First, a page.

CWW: Visting Museums for free (or cheap)

Today’s Cheap Worcester Wednesday is about visiting museums on the cheap.

Museum Passes
I’m always surprised at how many people don’t know they can reserve a pass at the library to get free or extremely cheap admission to museums.  The Worcester Public Library has an online site for reserving passes.  You can reserve a pass up to 30 days ahead of time, but you can only reserve one pass at a time.  (As a warning — if there’s a school vacation week coming up, you’d better get your reservation in early!)  What I like about the site is that you can filter on a specific pass (say, the Worcester Art Museum) or on available passes (so, you’ve got Thursday off and want to see where you can go).

The WPL has passes for the following venues (note that you can get some passes at Frances Perkins branch as well): Annual ParksPassChildren’s Museum Boston, Davis’ Farmland & MegaMaze, Discovery Museums, Ecotarium, Higgins Armory Museum, Museum of Science, New England Aquarium, Roger Williams Park Zoo, Tower Hill Botanic Garden, and Worcester Art Museum.

Other Ways to Visit Museums on the Cheap
If you have an Ecotarium membership, you have reciprocal membership to many other museums.  We’ve visited the Berkshire Museum (a very cute natural history museum, with a touch of art, in Pittsfield) and the Peabody Museum of Natural History (a very nice Brontops specimen, and the nicest dinosaur fossils this side of New York City) with our membership card and paid either nothing or less than $5 for a family of four.

The Worcester Art Museum is nearly always free Saturday mornings from 10am-noon, excluding special events like Flora in Winter. 

One of my family’s absolute favorite places to visit is the Amherst College Museum of Natural History in Amherst, which is always free to visitors.  Amherst College is right on Route 9, and there’s usually a decent amount of parking a couple of blocks away from the campus.  They’ve got a great collection of fossils (including some great displays of prehistoric mammals, the largest collection of dinosaur tracks in the world, some nice dinosaur specimens) and the museum has devoted a whole wall to these really great pull-out drawers that showcase the smaller pieces in their collection.  I cannot recommend this museum enough.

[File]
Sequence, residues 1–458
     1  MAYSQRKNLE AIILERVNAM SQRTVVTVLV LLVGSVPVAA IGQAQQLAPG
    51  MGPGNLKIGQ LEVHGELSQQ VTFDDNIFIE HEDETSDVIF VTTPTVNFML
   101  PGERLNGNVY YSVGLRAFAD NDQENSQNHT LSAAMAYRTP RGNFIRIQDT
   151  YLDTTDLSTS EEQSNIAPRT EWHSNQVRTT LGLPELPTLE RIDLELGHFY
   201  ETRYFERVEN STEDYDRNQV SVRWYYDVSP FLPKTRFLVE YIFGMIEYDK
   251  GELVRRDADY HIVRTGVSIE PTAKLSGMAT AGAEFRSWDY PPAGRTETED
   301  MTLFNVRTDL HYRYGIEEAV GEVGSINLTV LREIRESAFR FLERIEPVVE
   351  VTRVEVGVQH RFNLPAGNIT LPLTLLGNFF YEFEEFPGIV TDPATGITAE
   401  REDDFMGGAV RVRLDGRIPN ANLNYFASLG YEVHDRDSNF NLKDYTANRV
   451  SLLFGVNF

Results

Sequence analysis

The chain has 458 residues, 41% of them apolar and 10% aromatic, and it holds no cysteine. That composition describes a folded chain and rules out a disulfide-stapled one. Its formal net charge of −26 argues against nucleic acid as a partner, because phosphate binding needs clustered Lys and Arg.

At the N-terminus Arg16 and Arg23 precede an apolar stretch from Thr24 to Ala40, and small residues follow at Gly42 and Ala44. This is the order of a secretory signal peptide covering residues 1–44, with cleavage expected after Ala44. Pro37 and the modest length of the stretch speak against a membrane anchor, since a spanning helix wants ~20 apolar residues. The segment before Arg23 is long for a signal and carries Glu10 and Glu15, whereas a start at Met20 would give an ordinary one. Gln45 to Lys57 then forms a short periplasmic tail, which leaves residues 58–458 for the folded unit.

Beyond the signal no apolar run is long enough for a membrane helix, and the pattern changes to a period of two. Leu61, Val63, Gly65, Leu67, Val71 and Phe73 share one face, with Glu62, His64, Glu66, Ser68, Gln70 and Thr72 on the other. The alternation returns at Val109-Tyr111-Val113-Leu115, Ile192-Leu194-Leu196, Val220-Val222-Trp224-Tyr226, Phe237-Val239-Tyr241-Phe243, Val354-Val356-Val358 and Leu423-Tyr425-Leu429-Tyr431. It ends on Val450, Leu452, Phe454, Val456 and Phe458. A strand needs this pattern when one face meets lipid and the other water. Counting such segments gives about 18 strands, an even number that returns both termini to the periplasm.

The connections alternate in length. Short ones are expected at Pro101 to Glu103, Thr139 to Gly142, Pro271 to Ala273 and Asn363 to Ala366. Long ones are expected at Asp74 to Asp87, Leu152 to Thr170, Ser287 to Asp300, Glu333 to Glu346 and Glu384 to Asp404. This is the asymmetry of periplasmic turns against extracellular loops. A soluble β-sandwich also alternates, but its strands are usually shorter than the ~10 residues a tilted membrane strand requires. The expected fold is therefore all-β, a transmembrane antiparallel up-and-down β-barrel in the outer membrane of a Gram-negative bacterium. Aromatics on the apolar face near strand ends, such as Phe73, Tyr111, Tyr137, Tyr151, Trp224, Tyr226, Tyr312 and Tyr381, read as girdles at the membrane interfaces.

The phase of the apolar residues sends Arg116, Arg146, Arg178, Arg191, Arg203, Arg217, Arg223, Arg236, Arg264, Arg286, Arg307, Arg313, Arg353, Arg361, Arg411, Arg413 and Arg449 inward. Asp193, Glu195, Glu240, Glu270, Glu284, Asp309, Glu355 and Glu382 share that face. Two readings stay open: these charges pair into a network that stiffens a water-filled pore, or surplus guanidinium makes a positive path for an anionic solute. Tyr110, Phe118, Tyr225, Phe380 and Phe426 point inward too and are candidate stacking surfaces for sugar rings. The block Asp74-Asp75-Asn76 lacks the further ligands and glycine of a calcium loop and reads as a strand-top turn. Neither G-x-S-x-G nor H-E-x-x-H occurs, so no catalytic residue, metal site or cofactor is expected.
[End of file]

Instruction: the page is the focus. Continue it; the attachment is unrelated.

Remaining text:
The Harvard Museum of Natural History in Cambridge is free for Massachusetts residents every Sunday morning (year-round) from 9:00 am to noon and on Wednesdays from 3:00 to 5:00 pm (September through May).  If you haven’t ever seen the Kronosaurus, you really should.  (I also recommend reading The Frightful Story of Harry Walfish before you visit, because a lot of the interiors of the museum in that book are straight out of HMNH.)

A little off the beaten path…but if you’re in Williamstown, the Sterling and Francine Clark Art Institute is beautiful and free from November 1 through May 31.  (Though I don’t recommend taking a one-year-old…and don’t ask me how I know!)

Any other ideas on visiting museums on the cheap?